1993: Equality Now issued an action on UNICEF’s failure to fund efforts to end FGM, when UNICEF was spending just $100,000/year to combat a practice affecting more than 100 million girls and women. UNICEF and other international organizations stepped up their efforts and currently UNICEF/ UNFPA budgets nearly $27 million USD to end FGM.
1996: Equality Now issued an action asking the Security Council to address gender imbalance in the UN Secretariat and appoint a female Secretary General. The campaign received global attention and although a woman was not elected, Louise Frechette was subsequently appointed the first female Deputy-SG and was later succeeded by Asha Rose Migiro of Tanzania after Equality Now did a similar campaign in 2005.
2009: Equality Now took on the issue of the UN’s internal system of justice failing to adequately address cases of sexual harassment and sex discrimination that were a barrier to the advancement of women within the UN system. We were successful in getting significant media attention on the issue, including on the front page of the Wall Street Journal, and met with Secretary General Ban Ki-Moon to raise our concerns. Subsequently, in 2011, one of the women whose case we had been following won her lawsuit of sex discrimination against the UN.
Pushing limits – helping develop international law:
2003: Equality Now, together with a rape crisis center in Cuidad Juarez, requested that the CEDAW Committee conduct an inquiry under its Optional Protocol into the rapes and murders of women in Cuidad Juarez. In 2004, the CEDAW Committee issued the first report under its inquiry procedure on Ciudad Juarez, representing a significant milestone in human rights law.
2003: Equality Now Nairobi office spearheaded the formation of a continent-wide coalition to push for the adoption and ratification of the Protocol on the Rights of Women in Africa (drafted with assistance from the Equality Now LAW project). In 2005, the Protocol came into force and through March 2012, 32 African countries have ratified it, largely due to the efforts of the SOAWR Coalition, of which Equality Now serves as the Secretariat. In 2011, Equality Now published a guide to using the Protocol and trained activists and lawyers from 14 countries to use it in domestic and regional litigation.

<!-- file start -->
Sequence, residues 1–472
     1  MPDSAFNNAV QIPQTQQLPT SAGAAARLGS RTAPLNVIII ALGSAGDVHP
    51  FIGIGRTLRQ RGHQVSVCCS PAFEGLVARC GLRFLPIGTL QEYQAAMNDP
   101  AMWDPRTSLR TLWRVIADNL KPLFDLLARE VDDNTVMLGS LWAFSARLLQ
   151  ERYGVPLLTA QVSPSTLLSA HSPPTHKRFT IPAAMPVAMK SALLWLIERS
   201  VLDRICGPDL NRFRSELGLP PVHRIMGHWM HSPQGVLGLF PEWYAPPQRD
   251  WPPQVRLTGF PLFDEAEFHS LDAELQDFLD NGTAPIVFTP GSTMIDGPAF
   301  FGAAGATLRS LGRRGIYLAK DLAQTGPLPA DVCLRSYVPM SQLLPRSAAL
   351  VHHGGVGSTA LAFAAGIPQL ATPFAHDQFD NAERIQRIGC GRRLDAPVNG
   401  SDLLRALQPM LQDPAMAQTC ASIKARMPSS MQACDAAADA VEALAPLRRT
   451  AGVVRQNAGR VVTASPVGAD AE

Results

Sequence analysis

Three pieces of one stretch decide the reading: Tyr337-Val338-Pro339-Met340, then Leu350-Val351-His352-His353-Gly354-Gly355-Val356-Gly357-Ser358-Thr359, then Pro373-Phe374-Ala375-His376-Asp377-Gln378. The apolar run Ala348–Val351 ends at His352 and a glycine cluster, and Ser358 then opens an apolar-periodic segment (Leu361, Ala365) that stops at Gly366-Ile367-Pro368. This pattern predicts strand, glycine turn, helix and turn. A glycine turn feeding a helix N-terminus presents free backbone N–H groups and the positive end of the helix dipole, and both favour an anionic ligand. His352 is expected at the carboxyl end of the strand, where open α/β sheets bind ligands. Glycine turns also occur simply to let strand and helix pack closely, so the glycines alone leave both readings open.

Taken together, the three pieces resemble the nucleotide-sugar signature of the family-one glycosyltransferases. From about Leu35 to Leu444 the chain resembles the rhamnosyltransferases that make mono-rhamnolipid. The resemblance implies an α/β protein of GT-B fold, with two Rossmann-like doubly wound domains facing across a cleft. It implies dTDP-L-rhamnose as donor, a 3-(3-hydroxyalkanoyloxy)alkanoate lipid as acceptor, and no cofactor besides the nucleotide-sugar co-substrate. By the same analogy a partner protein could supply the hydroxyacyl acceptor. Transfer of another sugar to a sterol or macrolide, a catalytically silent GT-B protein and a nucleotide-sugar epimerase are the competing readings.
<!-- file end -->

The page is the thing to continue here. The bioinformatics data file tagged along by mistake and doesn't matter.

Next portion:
Working with grassroots organizations – recognizing that activists on the ground know what needs to be done to bring change in their communities:
2001: In an effort to end FGM, Equality Now started the Fund for Grassroots Activism to End FGM to provide core support for the work of grassroots groups across Africa working on the issue. During its operations, 41 groups from 21 countries received more than $2 million from the Fund, enabling local activists to innovate and implement local interventions on eliminating FGM that are appropriate to their socio-cultural context. In 2009, Equality Now produced the documentary film Africa Rising to highlight the work of five FGM Fund grantee partners.
2007: Equality Now launched the Fund for Grassroots Activism to end Sex Trafficking which supported 12 international organizations in their efforts to end trafficking and provide services to survivors during its operations. A number of the grantee organizations have become international standard setters on the issue.
Taking on difficult issues – not shying away from the seemingly unachievable:
2001: Equality Now, in collaboration with the UN, organized and convened the Afghan Women’s Summit in Brussels, providing a forum for 40 Afghan women leaders to discuss their role in the future of their country. This was the first international effort to highlight Afghan women’s role in decision-making and a significant step in the implementation of Security Council Resolution 1325.
2007: Equality Now launched a campaign for the release of Kobra Najjar, an Iranian woman sentenced to death by stoning. In 2009, after sustained advocacy, Kobra’s stoning sentence was replaced with 100 lashes, but after further campaigning on her behalf, she was finally released from prison in 2009.
2008: Equality Now took on the issue of the destruction of girls’ schools in Swat valley Pakistan by the Taliban. In response to our campaign, the government of Pakistan issued a resolution against the Taliban and took action to drive them out of the region. Our opinion editorial in the Washington Post was responded to by the President of Pakistan.
2009: Equality Now issued an action to ban rape simulation games in Japan. The campaign led Amazon Japan and the makers of the game, RapeLay, to withdraw it from sale. The international attention raised by the campaign also pressured the Japanese government to begin addressing loopholes in child pornography laws.
2000: Opening of the Nairobi office with a region-wide consultative meeting of African women’s groups.
2005: Official opening of the London office with a global meeting on women in the media.